East London Liquor Company’s three new whiskies – drink review
Local whisky aficionado and founding director of Ombra osteria, Stephen Sinclair, reviews East London Liquor Company’s three new whiskies – a fudgy rye, clean single malt, and a contemporary take on a Brandy.
East London Liquor Company, local distillery, bar and restaurant in Bow Wharf, is releasing three new whiskies: a second release of their London Rye, first launched last year; their first ever single malt, and a special blend collaboration with Sonoma Distilling Company.
It’s certainly exciting news – the distillery is fanning their East London feathers by bringing back the tradition of whisky-making to the East End. The last known whisky distillery in East London was the nearby Lea Valley Distillery, which closed in 1903. But how do these firewaters actually fare?
I had tried this before and liked it. A familiar nose of fudgey burnt sugar, and then vanilla when you pass the obvious rye alcohol (which is almost reminiscent of a Christmas Baileys) was pleasing, and reminded me of fine long lunches with friends.
There is complexity on the palette but limited perhaps to the sherry flavour from the Peated & Pedro Ximenez cask because there was nothing peaty about this at all. So, you get the brandy/sherry thing going and you are thinking what else? Well, the finish lingers with a pleasant cinnamon and slight floral after-taste like your best memory of a packet of those classic oddfellows.
A drink for a convivial moment, to enjoy with good company. No heavy, meaningful broodiness, or complexity, and no tearful reminiscing of days past. This Rye is akin to some of the fine new Ryes coming out of Brooklyn. Hopeful and good fun. I still like it.
East London Single Malt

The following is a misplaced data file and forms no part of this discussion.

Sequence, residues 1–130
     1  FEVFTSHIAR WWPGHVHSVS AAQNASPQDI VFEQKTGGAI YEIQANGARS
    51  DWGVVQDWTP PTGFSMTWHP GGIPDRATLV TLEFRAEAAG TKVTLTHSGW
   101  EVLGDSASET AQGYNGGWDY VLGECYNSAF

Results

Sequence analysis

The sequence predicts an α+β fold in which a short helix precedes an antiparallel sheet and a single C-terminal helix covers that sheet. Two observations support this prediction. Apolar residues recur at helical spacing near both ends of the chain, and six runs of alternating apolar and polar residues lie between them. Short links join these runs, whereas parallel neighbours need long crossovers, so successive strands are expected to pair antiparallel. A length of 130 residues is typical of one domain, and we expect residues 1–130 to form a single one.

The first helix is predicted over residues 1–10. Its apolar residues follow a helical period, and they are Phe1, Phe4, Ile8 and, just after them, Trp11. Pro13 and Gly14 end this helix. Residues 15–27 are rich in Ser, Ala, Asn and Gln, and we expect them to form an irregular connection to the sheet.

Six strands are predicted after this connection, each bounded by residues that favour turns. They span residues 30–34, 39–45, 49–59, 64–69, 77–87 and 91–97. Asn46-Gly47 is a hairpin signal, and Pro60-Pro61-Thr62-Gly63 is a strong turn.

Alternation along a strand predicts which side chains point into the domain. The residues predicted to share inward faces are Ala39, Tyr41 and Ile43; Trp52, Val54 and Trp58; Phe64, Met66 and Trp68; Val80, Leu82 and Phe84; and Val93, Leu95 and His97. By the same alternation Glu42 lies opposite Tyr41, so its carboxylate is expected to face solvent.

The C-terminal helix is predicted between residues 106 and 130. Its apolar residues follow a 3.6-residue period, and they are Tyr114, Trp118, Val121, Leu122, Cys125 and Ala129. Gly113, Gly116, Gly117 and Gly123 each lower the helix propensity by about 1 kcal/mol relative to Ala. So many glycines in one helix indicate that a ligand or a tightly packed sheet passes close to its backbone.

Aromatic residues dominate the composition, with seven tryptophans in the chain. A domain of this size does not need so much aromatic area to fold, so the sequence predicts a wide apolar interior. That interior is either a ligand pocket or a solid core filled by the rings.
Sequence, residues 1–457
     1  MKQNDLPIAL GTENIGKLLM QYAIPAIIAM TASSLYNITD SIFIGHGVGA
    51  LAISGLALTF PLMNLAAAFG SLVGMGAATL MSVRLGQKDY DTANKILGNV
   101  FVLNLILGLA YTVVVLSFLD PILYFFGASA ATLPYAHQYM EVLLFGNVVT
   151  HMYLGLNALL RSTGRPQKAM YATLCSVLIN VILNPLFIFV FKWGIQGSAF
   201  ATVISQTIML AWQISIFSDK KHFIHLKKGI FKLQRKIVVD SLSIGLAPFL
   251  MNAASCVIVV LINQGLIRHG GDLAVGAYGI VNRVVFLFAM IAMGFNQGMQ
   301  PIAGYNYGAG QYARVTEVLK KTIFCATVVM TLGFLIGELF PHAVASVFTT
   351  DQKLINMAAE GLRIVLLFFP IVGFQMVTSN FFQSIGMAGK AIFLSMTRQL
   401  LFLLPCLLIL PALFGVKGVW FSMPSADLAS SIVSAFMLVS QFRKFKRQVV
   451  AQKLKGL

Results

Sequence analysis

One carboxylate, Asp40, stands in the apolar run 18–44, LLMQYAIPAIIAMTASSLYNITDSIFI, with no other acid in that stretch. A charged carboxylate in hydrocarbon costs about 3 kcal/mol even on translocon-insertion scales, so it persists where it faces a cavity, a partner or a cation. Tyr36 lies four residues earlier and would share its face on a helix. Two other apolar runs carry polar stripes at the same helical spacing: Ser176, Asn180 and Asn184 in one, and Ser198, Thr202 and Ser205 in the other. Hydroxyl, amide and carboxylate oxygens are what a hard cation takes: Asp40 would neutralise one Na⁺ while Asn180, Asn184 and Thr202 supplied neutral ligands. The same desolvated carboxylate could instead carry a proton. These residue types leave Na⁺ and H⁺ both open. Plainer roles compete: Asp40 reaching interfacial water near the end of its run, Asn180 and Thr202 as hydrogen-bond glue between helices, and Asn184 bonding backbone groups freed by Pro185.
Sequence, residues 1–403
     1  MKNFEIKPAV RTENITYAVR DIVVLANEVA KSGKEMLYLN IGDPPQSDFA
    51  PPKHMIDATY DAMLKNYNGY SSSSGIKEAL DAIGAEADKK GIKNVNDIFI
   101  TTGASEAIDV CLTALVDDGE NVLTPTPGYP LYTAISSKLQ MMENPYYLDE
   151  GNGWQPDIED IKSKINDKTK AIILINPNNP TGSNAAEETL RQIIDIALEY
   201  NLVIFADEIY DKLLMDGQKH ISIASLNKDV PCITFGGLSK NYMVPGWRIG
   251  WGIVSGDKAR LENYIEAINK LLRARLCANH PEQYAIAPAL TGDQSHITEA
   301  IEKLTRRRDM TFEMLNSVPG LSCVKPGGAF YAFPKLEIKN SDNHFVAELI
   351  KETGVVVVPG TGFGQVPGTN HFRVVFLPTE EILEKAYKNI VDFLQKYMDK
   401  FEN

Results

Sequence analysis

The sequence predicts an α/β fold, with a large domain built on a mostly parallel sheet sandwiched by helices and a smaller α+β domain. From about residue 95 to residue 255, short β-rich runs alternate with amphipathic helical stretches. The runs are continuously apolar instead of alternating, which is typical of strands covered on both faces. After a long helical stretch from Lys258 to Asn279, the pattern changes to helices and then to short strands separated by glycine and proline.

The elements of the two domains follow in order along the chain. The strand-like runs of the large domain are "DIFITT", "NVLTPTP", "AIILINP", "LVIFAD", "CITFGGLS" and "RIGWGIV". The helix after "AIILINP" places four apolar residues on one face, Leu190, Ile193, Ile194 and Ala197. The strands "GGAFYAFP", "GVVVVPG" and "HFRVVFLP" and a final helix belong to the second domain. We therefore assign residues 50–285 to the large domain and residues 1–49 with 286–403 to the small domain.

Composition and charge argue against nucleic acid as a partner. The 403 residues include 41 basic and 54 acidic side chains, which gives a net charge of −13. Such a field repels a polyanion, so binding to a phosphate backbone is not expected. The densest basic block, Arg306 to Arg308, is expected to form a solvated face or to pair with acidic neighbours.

This is a whisky that will divide opinion, between those who like clean crisp whisky with none of the complexity associated with the pale coloured malts of Islay, the borders or a couple of fine Speysides – and those who like a damn fine malt.
The nose gets you first, there are hints of sweet vanilla ice cream behind the immediate and obvious alcohol. On the palette, suggestions of honey and beeswax towards something less sweet and slightly hay-like.
The finish does not linger like an aged cask malt, perhaps the bourbon & rye barrels are doing no favours. It has a short lasting slightly metallic and tinny echo. Which makes me think that non-whisky drinkers will love this with ice, a mixer or in a cocktail.
ELx Sonoma blended whisky
This says that it’s a collaborative blend with Sonoma Distilling Company, but there’s no indication of what is being blended. My guess is that there is a brandy-like base with the East London single malt.
There is a kind of cream and calvados aroma that suggests we are in for a bit of celebration and decadence and wants us to be desperate for more. This promise gets a little compromised when I taste the woody – almost fresh pine – bitterness that surprises the palette after a good first impression.
The damp wood bitterness mellows with water or ice and some of the promised fresh apples start to come through, and I wonder if this is best in from a bottle into a big wide brandy glass rather from the clinical sample bottle I was given. The finish is decent, but with a short aftertaste of bitter fruits.
This is the kind of drink that you want to impress people with, and bring out to show off to sophisticated East London friends who like a contemporary take on a traditional Brandy.
East London Liquor Company’s whiskies start at £75. Find out more about these whiskies and where to buy them at the East London Liquor Company website.
About Stephen Sinclair
Sinclair has lived around Victoria Park since 1996, but originally comes from Glasgow, and is a lover of malts from Scotland’s West Coast. He is the founding director of Ombra, the Venetian osteria on the corner of Vyner Street and Cambridge Heath Road, which opened in 2011.
‘There is a liquid light there that glimmers at the gloaming, between islands and the sea,’ waxes Sinclair about whisky. ‘To me whisky embodies this light along with the water and the soil. It sounds pretentious, but this enables an ability to place a whisky by nose and colour alone. A good exercise in the senses.’
Sinclair considers whisky the best drink in the world, and even coined a poem expressing his feelings: ‘I like drinking whisky / I like it more than wine / And if in life I could / I’d drink it all the time’.
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